There is something about that time between the Winter Solstice and the new year when it feels like the world exhales. Like we’ve held our breath, held it together, held all the pieces for twelve months, and we can see the end in sight, but the end looks like a beginning; and so we allow ourselves to exhale. Allow ourselves a breath and some time before the next big inhale. We let go and come to terms with what is and what was.
I think there is a cultural push, and maybe it’s more of a commercial push, to forget the exhale and just keep on holding, keep on taking in small breaths and prepare for the new year, much like Christmas decorations coming out in October with pumpkins and corn stalk scarecrows and Valentine’s chocolates intermingling with candy canes in December. Set resolutions. Push. Go. Get better. Do better. Don’t rest. There is no time. But if we pause for just a moment, during those days when sunsets dangle a pink necklace around the neck of a gray sky, we can slow time. We can settle into the sacredness that we have arrived here on the cusp of an end and a beginning. We can exhale and sink into gratefulness.
And it is there, in the comforting grasp of gratefulness, that we can breathe steady, can feel the joy of our lives, and can understand that not everything needs to be changed on January 1st. We can believe that what we are on these late days of December is enough and is actually a whole lot different than the us from the late December days a year before. We can understand that it’s probably always a good idea to eat more protein and to drink less alcohol and to get more exercise but that new years and new beginnings should be reserved for much more than caloric counting and should signify a coming home, back to ourselves. Exhale and make space for ourselves.
Four years ago, in 2018, I began exhaling, and I exhaled so big that I may have lost consciousness. I uprooted my life in every way possible and was looking for solid ground, a place to plant myself and start some roots. Because there’s definitely a sense of freedom when you uproot yourself, but there is also this yearning to be held, by yourself, to something steady. When I say uprooted my life, I mean I threw a grenade into the room and stood there waiting for it to explode, knowing that whatever I walked out with and to would likely be whole lot better than what was burning into embers behind me. I ended a terrible and abusive relationship; I quit a seventeen-year career; I sold my children’s and my house. All in the same week. On a Wednesday. And I walked out, scarred and smiling, to a new job I knew nothing about and to a spare bedroom at a friend’s house where I would spend the next part of the year looking for that solid ground, looking to steady myself.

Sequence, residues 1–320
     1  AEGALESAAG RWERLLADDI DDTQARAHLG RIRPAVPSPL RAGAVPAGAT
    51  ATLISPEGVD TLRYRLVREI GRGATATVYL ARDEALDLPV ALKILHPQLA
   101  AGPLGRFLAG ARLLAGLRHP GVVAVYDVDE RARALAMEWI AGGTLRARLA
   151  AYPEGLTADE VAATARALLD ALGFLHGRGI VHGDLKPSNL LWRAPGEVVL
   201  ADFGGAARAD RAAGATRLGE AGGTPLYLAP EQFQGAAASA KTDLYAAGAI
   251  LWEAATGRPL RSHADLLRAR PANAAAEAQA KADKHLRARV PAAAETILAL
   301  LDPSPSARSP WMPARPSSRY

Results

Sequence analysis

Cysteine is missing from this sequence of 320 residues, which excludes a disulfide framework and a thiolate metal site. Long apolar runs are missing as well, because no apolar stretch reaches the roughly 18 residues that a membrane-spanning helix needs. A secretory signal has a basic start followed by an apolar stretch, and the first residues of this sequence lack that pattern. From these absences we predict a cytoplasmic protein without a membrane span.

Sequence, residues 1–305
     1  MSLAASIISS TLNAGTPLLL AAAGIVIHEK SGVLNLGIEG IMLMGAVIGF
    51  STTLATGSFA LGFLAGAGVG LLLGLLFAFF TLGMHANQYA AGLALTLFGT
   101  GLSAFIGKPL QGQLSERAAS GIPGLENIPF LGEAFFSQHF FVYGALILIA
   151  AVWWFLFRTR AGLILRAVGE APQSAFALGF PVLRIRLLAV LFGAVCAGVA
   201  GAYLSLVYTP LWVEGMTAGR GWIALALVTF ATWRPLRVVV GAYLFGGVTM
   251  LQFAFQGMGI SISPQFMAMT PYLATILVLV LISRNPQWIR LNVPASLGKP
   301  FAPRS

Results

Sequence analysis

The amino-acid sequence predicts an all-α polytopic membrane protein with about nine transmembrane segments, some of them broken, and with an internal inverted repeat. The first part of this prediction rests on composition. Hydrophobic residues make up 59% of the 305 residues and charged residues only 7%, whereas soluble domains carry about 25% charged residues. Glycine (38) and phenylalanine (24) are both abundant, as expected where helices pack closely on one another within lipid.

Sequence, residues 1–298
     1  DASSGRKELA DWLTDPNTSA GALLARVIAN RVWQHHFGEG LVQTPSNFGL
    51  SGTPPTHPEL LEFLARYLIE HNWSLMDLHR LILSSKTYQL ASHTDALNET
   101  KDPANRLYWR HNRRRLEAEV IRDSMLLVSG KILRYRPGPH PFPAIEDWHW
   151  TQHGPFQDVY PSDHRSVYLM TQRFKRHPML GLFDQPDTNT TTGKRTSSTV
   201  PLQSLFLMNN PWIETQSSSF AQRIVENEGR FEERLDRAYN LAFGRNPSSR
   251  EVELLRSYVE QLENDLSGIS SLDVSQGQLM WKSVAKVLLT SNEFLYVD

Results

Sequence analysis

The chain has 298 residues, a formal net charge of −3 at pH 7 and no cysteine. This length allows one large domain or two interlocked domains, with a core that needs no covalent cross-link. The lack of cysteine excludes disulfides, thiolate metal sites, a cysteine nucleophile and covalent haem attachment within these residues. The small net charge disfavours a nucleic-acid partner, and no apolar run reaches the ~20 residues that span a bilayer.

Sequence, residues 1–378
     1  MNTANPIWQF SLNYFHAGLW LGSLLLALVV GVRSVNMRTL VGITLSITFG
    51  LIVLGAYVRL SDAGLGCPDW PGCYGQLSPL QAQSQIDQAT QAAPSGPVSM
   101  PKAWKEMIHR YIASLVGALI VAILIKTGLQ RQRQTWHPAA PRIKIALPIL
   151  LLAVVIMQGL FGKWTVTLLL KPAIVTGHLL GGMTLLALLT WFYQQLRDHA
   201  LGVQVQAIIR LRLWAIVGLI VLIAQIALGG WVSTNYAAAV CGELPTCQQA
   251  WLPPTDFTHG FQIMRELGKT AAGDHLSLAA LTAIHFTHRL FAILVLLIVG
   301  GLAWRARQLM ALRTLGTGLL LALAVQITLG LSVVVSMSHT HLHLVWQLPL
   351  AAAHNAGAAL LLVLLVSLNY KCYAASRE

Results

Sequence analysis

Steady ground came in the form of a choice. A choice I started making late that year when the ground was insulated with a heavy blanket of snow and when we should have been decorating our Christmas tree, unwrapping handmade ornaments from tissue paper and laughing about how their little hands had grown and how their teeth gaps were the cutest. But instead I was staring at a white ceiling that wasn’t mine from beneath a quilt that wasn’t mine, and so I had a choice. An opportunity to exhale something into the new year, into the end, into the beginning. I spoke it out loud. I choose. I choose happiness.
And for the next year, I made that choice every day. Made it on the days when I cried myself into a ball and on the mornings when I wanted nothing more than to pull the covers tight over my head. I spoke it out loud. I choose. I choose happiness. I found it in the softness of my socks and in the giggles of my babies climbing into the car to tell me about their days and in the steam of hot tea with the citrus of a lemon. I chose to see it in the way the moon would hang in a crescent outside the window that was not mine. And I found it. That year deserved a big, full-lunged exhale, and I let it go. The space it gave me for the next year was what I needed to create this new steady place, enough time to send roots down.
In those days of slate skies and muted sun during December of 2019, I was back on solid ground and could trust my footing and my own feet again. In that coming year, I exhaled gratefulness. It had been in those dark days, like a seed planted snug into the soil, that I noticed the richness of where I was sending my roots. There are growing seasons and there blooming seasons, and this was a tuck in tight, focus-on-growing, season. I was acutely aware that I had everything I needed, had ever needed. No matter the fear and the scarcity that had accompanied the journey, I had arrived and was better for it.